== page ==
Mobile Photography in Low Light

Mobile phones are the fastest growing snap photography devices as they are often the only gadget people carry at all times. The rise of smartphones also means one can snap and share photos and videos instantly to social networks and online image banks. But, while mobile technology has improved significantly—the new Sony Ericsson xperia arc for instance boasts one of the first mobile implementations of Sony’s Exmor R back-illuminated cmos sensor—your average camera phone will still sweat buckets when tasked to shoot in low light.

However, just because it is acknowledged that a camera phone isn’t a DSLR doesn’t mean you should live with blurry photos. Here are some simple tips to taking memorable photos with your phone in low light situations…or at the very least, get usable and identifiable shots.

Stability Is Key

Mobile phones are small gadgets designed for one-handed use, but when taking photos, this single-handed approach is the main reason for blurry images. Like all digital photography, the steadier the camera the clearer the shot. The easiest way to achieve this is to always use both hands. Grip your phone firmly, but not tensely. As they are very light devices, even pressing the shutter (or touchscreen) can cause movement so if you need further stability, brace yourself or your arms against something solid. Nearby walls, lampposts and park benches all qualify.

If you need to properly frame a shot (as opposed to a spur-of-the-moment photo), carry around a prop such as desktop phone holders, which make excellent tripod stand-ins for your phone. They’re small, lightweight, and are already made for holding phones.

Another culprit of blurry images is shutter lag. This is the time between pressing the shutter and the camera actually taking the shot. Shutter lag can sometimes take as long as a few seconds on camera phones, so try to keep as still as possible until you physically see the camera ready to take the next picture.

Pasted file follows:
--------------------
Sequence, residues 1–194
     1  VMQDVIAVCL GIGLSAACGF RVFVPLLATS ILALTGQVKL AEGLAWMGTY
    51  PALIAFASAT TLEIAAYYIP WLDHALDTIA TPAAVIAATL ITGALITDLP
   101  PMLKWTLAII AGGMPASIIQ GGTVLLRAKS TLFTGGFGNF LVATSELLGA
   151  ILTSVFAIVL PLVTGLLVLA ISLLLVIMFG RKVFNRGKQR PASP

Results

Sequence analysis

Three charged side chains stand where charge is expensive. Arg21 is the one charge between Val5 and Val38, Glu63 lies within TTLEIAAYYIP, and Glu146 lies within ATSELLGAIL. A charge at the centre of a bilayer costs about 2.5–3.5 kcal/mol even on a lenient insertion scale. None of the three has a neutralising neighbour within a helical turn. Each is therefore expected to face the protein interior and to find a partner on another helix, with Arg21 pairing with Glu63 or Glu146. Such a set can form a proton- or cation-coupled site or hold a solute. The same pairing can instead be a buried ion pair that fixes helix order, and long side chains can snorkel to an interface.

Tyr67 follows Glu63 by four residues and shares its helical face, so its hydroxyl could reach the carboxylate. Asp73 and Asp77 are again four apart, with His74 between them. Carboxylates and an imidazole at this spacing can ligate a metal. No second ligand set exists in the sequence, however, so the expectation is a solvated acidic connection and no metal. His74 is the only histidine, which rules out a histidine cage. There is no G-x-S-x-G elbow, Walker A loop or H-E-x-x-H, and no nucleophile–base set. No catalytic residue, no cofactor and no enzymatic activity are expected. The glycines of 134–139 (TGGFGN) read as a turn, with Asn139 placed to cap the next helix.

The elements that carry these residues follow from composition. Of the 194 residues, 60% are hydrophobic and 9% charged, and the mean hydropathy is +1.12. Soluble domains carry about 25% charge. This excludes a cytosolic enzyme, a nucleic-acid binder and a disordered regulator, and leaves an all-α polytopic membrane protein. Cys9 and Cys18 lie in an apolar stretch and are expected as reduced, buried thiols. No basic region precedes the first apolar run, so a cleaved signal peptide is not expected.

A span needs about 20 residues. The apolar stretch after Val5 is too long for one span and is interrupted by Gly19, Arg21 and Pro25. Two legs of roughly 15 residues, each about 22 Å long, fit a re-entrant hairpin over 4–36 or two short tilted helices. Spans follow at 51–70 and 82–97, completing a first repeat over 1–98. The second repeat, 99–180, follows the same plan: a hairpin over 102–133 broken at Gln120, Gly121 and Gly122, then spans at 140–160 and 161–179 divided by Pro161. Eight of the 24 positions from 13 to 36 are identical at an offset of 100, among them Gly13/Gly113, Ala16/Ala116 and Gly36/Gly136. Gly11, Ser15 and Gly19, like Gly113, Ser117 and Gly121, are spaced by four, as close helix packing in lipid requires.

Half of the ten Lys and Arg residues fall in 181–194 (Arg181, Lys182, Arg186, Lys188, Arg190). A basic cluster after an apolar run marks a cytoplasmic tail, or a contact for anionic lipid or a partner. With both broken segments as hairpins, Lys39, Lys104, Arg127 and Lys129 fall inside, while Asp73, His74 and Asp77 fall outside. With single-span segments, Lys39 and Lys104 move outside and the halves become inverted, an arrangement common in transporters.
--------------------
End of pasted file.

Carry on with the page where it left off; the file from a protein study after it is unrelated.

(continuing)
Get The Right Exposure

While it is easy to whip out your phone for any photo opportunity, camera phones aren’t designed to handle difficult compositions. Ideally the entire scene should be in focus and lighting is in abundance. If you have to shoot in low light, avoid reflective sources or bright hot spots that will most likely throw the camera’s metering algorithms into a tantrum.

Turn Off The Flash

Camera phones usually come with LED flashes that are powerful and bright. While proper use of a fill flash can help brighten up under-exposed areas, the white burst light from an LED can result in unnaturally lit images. LED flash can also be harsh, messing up white balance settings or blowing out brighter objects.

Advanced camera phones like the Xperia arc that comes with Exmor R for mobile and an f/2.4 lens are able to handle low light shooting even without flash. So, next time you’re taking a photo, try disabling the flash a together. You’ll be surprised at the level of detail and color saturation you can get in a photo that would otherwise nave been killed by a flash.

Don’t Rush The White Balance

Camera phone sensors aren’t the fastest of the bunch and while the modern ones do a decent job detecting white balance in most situations, you should always give the sensor a few seconds to acclimatize and soak up the lighting of different scenes. This is doubly true for low light photography. Never switch to a different scene and immediately start snapping, you’d be amazed how different the exact same location can look with nothing changed except the time given for white balance compensation.

Take As Many Pictures As You Can

As with all digital cameras, photography on your camera phone is quirk and costs nothing. However, images previewed on your phone’s screen may look different than on a desktop monitor or TV, so take multiple shots, try different angles and perspectives, and choose various composition and exposure settings. You’ll never know which ones are the teal keepers.

Some phones come with screens that are optimized for mobile viewing. The Sony Ericsson Xperia arc for example sports a Reality Display with Mobile BRAVIA Engine so you can be sure that pictures and videos always look their best on your phone or when viewed on a HDTV via HDMI out.